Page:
[15-16]  “Peter in verse 15 states the second implication from verses 13-14. Negatively, believers are to refrain from fear. Positively, they are to honor Christ the Lord as holy in their hearts. Peter exhorted his readers to continue to treat Christ as the holy one, fearing Him instead of those who are harming them. Christ is already Lord in any case, but believers demonstrate and acknowledge His lordship in their lives by honoring His name. The place where Christ is to be set apart as Lord is in your hearts. We should not understand the heart as our inner and private lives, which are inaccessible to others. The heart is the origin of human behavior, and from it flows everything people do. Hence, setting apart Christ as Lord in the heart is not merely a private reality but will be evident to all when believers suffer for their faith. The inner and outer life are inseparable, for what happens within will inevitably be displayed to all, especially when one suffers. Believers are to be ready constantly to respond to those who ask about their faith. The text envisions informal circumstances when believers are asked spontaneously about their faith. This interpretation is supported by the words to anyone who asks you, suggesting that believers respond to a wide variety of people. The exhortation here is instructive, for Peter assumed that believers have solid intellectual grounds for believing the gospel. The truth of the gospel is a public truth that can be defended in the public arena. This does not mean, of course, that every Christian is to be a highly skilled apologist for the faith. It does mean that every believer should grasp the essentials of the faith and should have the ability to explain to others why they think the Christian faith is true. Interestingly enough Peter used the word hope rather than ‘faith’ here. Hope was a central word for Peter, focusing on the eschatological inheritance that awaits believers [1:3]. The implication is that unbelievers will recognize by the way believers respond to difficulties that their hope is in God rather than in pleasant earthly circumstances. The phrase hope that is in you is parallel to in your hearts, focusing attention on the inner life from which outward actions flow. The New Testament does not separate the inner from the outer, the private from the public, for whatever is on the inside is manifested on the outside. Here the hope that animates believers will become so evident that unbelievers will ask for an explanation. When believers encounter a hostile world and are challenged concerning their faith, the temptation to respond harshly increases. Defending a position could easily be transmuted into attacking one’s opponents. Hence, Peter added that the defense must be made with gentleness and respect. The word translated respect is the word for ‘fear’. Fear in 1 Peter is always directed toward God. Furthermore, gentleness or ‘humility’ also becomes a reality when creatures consider themselves in relation to God. Those who fear God and live in humility will treat their opponents with dignity and refrain from lashing out against them. What Peter emphasized, however, is the relation with God that enables believers to respond appropriately to unbelievers. Verse 15 blends right into verse 16, being joined by a participle. Verse 16 provides another piece of evidence that suggest that gentleness and respect in verse 15 focus on the relationship of believers to God. When Peter spoke of a good conscience, he referred to the relationship of believers to God. They live in God’s presence in all they do, and hence they must not resort to revenge, anger, or sin when they are called upon to defend their hope. Why should believers live in fear and humility before God and maintain a good conscience? Peter’s answer is given in a purpose clause: so that, when you are slandered, those who revile your good behavior in Christ may be put to shame. We receive further evidence that the primary form of persecution in 1 Peter was not physical but social. The situation addressed is when you are slandered. Unbelievers are those who speak maliciously about Christians. Formal court cases are not envisioned here but negative verbal attacks in the public square. The latter, of course, can lead to the former, and when verbal opposition ratchets up, physical violence may not be far behind. What unbelievers criticize, shockingly, is the good behavior of believers. The word for behavior was a favorite of Peter’s, often designating the kind of conduct that is pleasing to God. That the behavior in view is distinctively Christian is clear by the prepositional phrase in Christ. Peter continued to emphasize that the conduct of believers is related to the Lord, where all conduct is in the sphere of Christ. Further, Christians should only be abused for their good conduct. Believers are to live righteously so that those who abuse their good conduct will be put to shame. Peter’s focus here was on the end time, the day of judgment. Three pieces of evidence support this interpretation. First, the verb put to shame in 2:6 refers to the last day, and though the term does not always refer to the future, it often bears this meaning [Rom. 5:5; 9:33; 10:11; 1 Cor. 1:27]. Second, and most important, believers are already abused and criticized for their good behavior in Christ. It is difficult to see how more good behavior would suddenly lead unbelievers to feel ashamed. Some non-Christians are persuaded, despite the godly conduct of Christians, that they are troublemakers. Peter called on believers to continue to live righteously when threatened. Peter probably had in view unbelievers who are hardened toward believers, who have made up their minds that Christians are socially dangerous. Hence, he exhorted his readers to continue to please God and live in a godly fashion, so that on the day of judgment unbelievers will recognize that they were mistaken all along. Third, the language of 2:12 is parallel to 3:16 in a number of respects: the call to good conduct, the maligning by unbelievers, and the need to continue to live righteously when oppressed. We have seen that there are good reasons to think in 1 Peter 2:12 that the righteous conduct of believers will lead some unbelievers to salvation to the glory of God, and that some would respond with repentance is not denied here. But Peter emphasizes another truth in this verse. Some unbelievers refuse to acknowledge the goodness of the lives of believers. On the last day, however, they will be put to shame by God Himself and will be compelled to acknowledge that believers lived righteously. First Peter 2:12 and 3:16 do not contradict each other. They contemplate different responses to the godly lives of believers: some unbelievers will see their good conduct and glorify God by believing the gospel [2:12], but others refuse to believe and will only admit the goodness of believers on the day that God judges them.”  [Schreiner, pp. 173-179]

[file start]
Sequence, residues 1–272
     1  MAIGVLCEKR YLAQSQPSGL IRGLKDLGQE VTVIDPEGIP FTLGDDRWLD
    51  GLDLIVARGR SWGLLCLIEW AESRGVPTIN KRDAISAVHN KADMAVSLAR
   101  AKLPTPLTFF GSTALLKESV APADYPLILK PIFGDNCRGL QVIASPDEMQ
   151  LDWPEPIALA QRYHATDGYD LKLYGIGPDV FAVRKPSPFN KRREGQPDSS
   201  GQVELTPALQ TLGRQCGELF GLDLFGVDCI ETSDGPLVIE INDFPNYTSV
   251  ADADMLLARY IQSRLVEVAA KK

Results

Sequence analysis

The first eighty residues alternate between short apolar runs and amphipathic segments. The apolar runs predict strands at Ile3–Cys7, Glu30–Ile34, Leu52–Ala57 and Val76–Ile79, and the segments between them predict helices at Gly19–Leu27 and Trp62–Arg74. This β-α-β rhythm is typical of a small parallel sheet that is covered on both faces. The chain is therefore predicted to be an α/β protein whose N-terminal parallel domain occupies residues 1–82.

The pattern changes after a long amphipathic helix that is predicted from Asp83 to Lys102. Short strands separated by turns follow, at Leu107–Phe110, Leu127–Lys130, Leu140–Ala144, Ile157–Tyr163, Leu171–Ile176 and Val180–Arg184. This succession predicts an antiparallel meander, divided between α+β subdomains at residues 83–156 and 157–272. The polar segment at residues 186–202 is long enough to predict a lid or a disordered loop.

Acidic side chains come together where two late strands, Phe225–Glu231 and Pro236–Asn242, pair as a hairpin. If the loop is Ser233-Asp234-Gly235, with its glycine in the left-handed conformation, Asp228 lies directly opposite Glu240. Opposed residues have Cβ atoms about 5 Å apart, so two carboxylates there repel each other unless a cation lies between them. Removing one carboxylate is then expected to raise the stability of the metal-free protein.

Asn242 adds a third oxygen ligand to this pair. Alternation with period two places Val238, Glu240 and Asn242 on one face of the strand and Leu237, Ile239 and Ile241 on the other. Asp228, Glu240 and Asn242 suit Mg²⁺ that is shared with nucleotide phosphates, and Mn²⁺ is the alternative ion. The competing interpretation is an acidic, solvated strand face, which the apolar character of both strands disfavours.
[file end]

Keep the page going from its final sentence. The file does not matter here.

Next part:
Live for the Will of God:  1 Peter 4:1-2.